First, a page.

As divorce rate soars, families seek help
According to the Centers for Disease Control, the marriage rate per 1,000 in population in the United States is currently at 6.8, whereas the divorce rate per 1000 in population is 3.4. Do the math: Half of the country’s marriages are ending in divorce.
In recent years, the divorce rate among baby boomers has nearly doubled, according to the National Center for Family and Marriage Research at Bowling Green State University. This trend has even earned its own name: gray divorce, which describes divorcing later in life.
Asia, Europe and the Middle Eastern countries have seen rising trends of divorce as well. In Hong Kong, the number of single parents has risen 30 percent in the last 10 years. In Dubai, the high divorce rate has its Ministry of Social Affairs investigating the reasons behind couples divorcing.
If these trends continue, it is likely that marriages that last would become more of a rarity than marriages that break up.
Hellen Chen is an author who has dealt with men and women who have given up on relationships because of past failures. …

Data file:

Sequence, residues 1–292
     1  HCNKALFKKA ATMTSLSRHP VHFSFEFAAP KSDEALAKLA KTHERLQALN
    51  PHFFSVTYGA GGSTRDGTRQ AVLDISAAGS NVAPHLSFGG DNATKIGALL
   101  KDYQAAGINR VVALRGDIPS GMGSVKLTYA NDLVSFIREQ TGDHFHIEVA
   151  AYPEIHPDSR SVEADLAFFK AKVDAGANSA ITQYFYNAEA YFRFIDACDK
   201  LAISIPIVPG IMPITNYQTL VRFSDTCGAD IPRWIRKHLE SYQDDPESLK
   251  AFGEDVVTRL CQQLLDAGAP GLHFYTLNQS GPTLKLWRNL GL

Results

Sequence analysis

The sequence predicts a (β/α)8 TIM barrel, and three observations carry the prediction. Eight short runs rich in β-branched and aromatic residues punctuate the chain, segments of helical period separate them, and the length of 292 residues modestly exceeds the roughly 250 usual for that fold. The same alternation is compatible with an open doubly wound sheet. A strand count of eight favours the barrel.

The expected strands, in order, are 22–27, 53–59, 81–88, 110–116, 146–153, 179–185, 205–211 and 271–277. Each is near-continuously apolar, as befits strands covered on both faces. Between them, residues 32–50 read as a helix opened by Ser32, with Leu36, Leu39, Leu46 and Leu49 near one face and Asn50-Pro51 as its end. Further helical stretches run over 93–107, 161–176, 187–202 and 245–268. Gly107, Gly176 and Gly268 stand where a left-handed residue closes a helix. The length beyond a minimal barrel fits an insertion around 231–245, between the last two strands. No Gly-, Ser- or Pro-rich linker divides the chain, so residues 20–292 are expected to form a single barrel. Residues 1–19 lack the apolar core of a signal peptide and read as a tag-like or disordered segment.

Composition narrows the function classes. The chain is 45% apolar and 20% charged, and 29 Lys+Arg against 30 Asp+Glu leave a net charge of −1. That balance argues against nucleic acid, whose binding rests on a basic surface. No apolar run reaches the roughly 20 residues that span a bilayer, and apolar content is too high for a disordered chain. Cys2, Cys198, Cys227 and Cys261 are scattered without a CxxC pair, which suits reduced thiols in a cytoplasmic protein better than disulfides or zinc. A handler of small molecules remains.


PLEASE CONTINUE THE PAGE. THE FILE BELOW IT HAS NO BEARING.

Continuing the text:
A couple counseled by Chen, Lily and Jeff, have been quarreling over their difference in habits and what they like to do together.
After getting Chen’s advice, wife Lily realized, “I have thought about ‘doing things together’ as the most important part as a couple. But when Jeff does not wish to go with me to do, for example, shopping, I see him as uncaring. But that is wrong thinking. He simply does not care for certain activities which I like, but there is nothing wrong about the love he has for me.”
Chen said, “My own husband likes to go out into the sun. I prefer to stay indoors. His eating habits are very different than mine. So what is the rule? No rule. We do what we each like. And still find plenty of ways to love each other.”
“There is no rule in love,” Chen says.
How about the common “must-have’s” when looking for a marital partner? …
Looking at Chen’s insight … an adaptation of a popular quote by John F. Kennedy might apply to marriage: “Ask not what the other partner can do for you, ask what you can do for your partner and ask how you can improve yourself at the same time.”
-The Times and Democrat, Orangeburg, S.C.